The ‘Toxic Trio’
“In 2000, Dr Anderson and colleagues published a paper in Nature Medicine that reported an entirely new approach to investigate immune responses to gluten in people with coeliac disease ,” says Dr Tye-Din.
“This work was ground-breaking as it was the first to use a patient’s blood to identify the main “toxic” fragment (peptide) from wheat gluten that triggers coeliac disease.”
The aim of Dr Tye-Din’s PhD research was ambitious – to define all of the toxic peptides in wheat, rye, barley and oats using the approach developed by Dr Anderson. The hope was to find the most important ones that could be used in a therapeutic vaccine to retrain a patient’s immune system to tolerate gluten.
Gluten is a visco-elastic protein that gives texture to foods and allows bread dough to rise and become fluffy. It’s a highly complex protein with each gluten-containing cereal carrying thousands of peptides. This complicates the puzzle, as only some of these peptides are likely to trigger the coeliac immune response.
So, for more than five years, scores of coeliac patients consumed wheat, rye, barley or oats and donated litres of blood between them for the purposes of research.
What the researchers wanted from their blood was immune cells known as CD4 T cells. These white blood cells begin the body’s immune response by releasing chemical messengers, alerting the immune system in response to an offending protein (in this case gluten).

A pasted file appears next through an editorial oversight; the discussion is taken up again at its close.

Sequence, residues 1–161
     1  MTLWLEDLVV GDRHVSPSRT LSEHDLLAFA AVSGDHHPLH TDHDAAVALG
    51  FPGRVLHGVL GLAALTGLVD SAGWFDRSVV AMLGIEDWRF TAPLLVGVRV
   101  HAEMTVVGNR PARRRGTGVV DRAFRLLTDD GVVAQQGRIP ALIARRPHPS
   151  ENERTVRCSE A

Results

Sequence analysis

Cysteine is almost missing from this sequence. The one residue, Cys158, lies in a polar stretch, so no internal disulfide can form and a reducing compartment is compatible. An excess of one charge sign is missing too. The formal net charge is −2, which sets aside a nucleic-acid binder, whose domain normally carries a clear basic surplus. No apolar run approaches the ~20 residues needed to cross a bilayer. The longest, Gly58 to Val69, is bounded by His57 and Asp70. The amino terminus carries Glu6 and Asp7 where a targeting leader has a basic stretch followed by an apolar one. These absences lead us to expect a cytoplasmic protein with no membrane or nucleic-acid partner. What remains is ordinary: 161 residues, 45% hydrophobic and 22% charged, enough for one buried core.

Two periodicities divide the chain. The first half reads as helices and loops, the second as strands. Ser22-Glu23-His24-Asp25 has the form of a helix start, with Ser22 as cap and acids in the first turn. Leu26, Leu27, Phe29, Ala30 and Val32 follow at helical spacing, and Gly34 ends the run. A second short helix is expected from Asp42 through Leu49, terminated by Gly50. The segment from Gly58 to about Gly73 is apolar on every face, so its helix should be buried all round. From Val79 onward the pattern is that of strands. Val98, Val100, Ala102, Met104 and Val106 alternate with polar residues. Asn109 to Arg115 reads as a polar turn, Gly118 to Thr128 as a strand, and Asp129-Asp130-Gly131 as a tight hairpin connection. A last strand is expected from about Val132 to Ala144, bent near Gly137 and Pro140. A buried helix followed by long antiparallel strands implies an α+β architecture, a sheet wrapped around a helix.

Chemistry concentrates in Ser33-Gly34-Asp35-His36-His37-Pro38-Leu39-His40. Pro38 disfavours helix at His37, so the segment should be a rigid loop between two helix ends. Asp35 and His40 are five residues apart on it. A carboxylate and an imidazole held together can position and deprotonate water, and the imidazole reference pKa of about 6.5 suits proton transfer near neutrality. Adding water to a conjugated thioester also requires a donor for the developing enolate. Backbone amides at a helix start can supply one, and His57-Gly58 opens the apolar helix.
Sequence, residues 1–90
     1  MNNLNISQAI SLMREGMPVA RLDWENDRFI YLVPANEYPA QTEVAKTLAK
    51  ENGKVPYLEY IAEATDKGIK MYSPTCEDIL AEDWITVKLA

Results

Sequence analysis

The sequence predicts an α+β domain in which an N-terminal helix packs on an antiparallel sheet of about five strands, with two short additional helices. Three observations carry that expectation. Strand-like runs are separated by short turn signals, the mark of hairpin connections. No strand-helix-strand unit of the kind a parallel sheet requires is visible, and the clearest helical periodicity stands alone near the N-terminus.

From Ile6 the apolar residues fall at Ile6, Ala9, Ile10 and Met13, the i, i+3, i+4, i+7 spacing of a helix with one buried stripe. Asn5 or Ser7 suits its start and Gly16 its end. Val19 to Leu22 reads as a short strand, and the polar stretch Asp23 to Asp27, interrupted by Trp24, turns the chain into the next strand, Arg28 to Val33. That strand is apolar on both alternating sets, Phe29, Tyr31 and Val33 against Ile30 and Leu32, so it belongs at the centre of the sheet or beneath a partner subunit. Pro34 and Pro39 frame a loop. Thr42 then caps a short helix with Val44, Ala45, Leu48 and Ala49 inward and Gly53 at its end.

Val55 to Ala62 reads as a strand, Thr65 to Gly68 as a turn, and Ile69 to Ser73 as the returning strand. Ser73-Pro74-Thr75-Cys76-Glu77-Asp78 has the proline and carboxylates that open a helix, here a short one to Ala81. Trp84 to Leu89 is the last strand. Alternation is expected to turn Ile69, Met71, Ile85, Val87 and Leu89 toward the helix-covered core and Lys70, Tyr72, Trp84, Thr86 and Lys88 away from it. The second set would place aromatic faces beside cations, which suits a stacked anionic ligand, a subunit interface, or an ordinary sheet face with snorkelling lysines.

“We were able to test the T cell response from each coeliac patient to a massive library of peptides that encompassed all of gluten in each of the ‘forbidden’ cereals,” says Dr Tye-Din.
“This meant we could define the key peptides that stimulate the coeliac immune response from each cereal, and rank how important they were.”
And by 2010 they were able to publish their findings, revealing that just three key peptides, out of a possible 18,000 in all of the problematic grains, were responsible for the abnormal immune response to gluten in people with coeliac disease bearing the most common genetic marker.
The three gluten peptides were dubbed the ‘toxic trio’.
New immune treatment trials
This ‘toxic trio’ formed the basis of a therapeutic vaccine that aims re-educate the body to develop tolerance to gluten, switching off the overactive response that occurs in coeliac disease.